Schools fight dirty for pupils

25th February 2000 at 00:00
HOSTILE competition between colleges and schools for 16-year-olds shows no signs of abating, despite government attempts to attract more young people into further education, a new study claims.

Schools "browbeat" pupils into staying on, courting the more able for their "tonic effect" on league tables, and withholding information about local colleges. "Further education is not presented as an option," says John Eggleston, emeritus professor of education at Warwick University and co-author of Staying on a School - the Hidden Curriculum of Selection.

The study of attitudes at four comprehensives suggests that pupils are aware of schools' tactics and often prefer the vocational aspects of the FE curriculum.

However, by a combination of student guidance and an A-level-based curriculum, schools succeed in keeping an academically-committed cohort of sixth-formersfrom the upper end of the social spectrum, while effectively jettisoning troublemakers and under-achievers.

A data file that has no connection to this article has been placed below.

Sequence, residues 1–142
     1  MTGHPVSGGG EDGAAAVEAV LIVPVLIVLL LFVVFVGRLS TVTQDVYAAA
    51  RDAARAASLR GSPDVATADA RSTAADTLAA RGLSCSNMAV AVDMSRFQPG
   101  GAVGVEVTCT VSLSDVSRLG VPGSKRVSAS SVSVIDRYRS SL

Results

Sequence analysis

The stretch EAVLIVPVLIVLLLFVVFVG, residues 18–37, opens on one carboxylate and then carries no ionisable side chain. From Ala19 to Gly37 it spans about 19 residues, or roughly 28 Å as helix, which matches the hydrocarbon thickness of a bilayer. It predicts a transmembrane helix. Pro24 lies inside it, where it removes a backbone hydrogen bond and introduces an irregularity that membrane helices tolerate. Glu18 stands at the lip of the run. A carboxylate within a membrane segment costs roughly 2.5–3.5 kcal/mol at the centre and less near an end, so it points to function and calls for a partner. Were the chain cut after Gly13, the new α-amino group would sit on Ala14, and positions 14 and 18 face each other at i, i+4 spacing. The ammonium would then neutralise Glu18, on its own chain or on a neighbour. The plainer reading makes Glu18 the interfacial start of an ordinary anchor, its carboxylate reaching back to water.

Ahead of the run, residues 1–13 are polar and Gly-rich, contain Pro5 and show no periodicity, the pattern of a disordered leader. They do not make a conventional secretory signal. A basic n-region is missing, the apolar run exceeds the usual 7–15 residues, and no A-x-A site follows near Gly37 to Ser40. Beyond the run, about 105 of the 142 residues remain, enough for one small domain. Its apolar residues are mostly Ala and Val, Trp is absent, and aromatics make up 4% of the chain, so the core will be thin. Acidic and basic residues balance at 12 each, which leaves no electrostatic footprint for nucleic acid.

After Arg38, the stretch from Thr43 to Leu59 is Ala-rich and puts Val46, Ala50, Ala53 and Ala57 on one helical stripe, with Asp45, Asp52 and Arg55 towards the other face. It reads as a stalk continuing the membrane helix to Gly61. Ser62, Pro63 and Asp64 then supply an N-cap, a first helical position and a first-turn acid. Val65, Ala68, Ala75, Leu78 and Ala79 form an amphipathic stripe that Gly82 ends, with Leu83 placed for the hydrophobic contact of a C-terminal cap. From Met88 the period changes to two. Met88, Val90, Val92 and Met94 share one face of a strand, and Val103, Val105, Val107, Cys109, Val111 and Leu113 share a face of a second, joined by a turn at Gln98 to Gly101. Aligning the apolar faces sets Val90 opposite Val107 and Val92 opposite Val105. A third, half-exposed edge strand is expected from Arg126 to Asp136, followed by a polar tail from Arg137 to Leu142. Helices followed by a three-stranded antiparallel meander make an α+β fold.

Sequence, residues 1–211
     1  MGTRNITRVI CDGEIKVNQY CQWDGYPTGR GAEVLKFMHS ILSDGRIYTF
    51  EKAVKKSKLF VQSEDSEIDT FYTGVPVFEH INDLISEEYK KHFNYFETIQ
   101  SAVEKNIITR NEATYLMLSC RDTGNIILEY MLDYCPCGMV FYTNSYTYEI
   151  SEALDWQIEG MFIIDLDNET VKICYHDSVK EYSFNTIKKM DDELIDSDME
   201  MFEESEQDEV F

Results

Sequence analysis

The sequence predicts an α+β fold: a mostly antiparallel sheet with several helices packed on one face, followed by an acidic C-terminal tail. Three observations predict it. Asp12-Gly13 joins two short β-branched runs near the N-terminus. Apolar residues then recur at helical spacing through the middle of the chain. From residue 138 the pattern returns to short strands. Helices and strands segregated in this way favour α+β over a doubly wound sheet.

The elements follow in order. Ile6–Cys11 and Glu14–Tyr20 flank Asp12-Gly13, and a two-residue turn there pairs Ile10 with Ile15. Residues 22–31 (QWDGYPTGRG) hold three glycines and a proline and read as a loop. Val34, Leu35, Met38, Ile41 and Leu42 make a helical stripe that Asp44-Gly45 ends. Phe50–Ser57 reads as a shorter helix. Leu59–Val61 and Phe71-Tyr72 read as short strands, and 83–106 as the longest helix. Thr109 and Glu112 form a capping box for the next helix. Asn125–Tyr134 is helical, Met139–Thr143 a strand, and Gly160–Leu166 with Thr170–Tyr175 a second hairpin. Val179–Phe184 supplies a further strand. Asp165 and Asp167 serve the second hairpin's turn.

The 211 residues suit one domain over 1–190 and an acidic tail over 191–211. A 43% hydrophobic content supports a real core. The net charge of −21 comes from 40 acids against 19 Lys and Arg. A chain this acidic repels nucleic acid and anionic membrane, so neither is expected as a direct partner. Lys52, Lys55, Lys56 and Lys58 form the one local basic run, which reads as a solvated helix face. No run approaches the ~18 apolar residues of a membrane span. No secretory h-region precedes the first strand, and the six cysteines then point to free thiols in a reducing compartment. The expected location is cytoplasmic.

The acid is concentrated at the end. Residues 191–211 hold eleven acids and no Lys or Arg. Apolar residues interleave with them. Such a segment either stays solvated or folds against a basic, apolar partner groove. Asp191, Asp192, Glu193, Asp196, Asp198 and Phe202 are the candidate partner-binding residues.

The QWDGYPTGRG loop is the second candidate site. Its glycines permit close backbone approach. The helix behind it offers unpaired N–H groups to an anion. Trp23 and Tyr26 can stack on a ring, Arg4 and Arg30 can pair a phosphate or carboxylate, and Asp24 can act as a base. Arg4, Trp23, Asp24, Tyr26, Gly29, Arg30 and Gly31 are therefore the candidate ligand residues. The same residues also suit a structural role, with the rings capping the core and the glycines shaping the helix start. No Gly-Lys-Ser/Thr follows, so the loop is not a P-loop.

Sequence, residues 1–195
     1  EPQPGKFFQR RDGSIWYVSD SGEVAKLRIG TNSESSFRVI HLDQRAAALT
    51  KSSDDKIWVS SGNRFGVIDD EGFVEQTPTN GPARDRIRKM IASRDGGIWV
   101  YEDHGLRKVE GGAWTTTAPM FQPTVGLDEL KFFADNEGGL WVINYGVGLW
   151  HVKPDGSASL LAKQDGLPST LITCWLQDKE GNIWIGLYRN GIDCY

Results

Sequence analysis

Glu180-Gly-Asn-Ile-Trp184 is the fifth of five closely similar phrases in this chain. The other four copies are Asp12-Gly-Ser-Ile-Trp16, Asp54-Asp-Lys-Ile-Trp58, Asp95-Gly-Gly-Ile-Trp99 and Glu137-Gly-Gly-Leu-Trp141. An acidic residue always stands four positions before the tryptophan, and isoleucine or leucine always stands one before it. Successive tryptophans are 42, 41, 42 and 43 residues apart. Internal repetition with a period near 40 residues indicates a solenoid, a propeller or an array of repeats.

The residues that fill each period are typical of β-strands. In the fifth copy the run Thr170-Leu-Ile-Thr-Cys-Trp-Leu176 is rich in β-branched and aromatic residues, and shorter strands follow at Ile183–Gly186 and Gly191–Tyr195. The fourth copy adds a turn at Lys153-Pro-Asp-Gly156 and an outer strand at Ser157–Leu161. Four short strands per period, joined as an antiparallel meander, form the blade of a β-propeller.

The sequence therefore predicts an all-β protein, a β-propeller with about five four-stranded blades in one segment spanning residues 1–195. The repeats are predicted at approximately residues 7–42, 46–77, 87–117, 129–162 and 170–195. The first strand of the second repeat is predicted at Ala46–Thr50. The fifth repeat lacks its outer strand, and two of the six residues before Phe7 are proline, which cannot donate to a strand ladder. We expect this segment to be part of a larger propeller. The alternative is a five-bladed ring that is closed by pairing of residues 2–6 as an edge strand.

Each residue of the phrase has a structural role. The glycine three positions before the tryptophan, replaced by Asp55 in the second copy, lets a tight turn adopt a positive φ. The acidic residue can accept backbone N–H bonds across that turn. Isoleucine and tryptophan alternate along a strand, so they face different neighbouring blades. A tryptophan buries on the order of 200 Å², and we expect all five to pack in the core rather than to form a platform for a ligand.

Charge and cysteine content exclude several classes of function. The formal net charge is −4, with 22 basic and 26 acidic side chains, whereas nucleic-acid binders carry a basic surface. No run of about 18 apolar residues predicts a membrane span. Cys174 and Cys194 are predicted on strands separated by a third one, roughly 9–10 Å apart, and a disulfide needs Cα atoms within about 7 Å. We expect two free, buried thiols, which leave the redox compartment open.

Research Focus, 26


Subscribe to get access to the content on this page.

If you are already a Tes/ Tes Scotland subscriber please log in with your username or email address to get full access to our back issues, CPD library and membership plus page.

Not a subscriber? Find out more about our subscription offers.
Subscribe now
Existing subscriber?
Enter subscription number

Comments

The guide by your side – ensuring you are always up to date with the latest in education.

Get Tes magazine online and delivered to your door. Stay up to date with the latest research, teacher innovation and insight, plus classroom tips and techniques with a Tes magazine subscription.
With a Tes magazine subscription you get exclusive access to our CPD library. Including our New Teachers’ special for NQTS, Ed Tech, How to Get a Job, Trip Planner, Ed Biz Special and all Tes back issues.

Subscribe now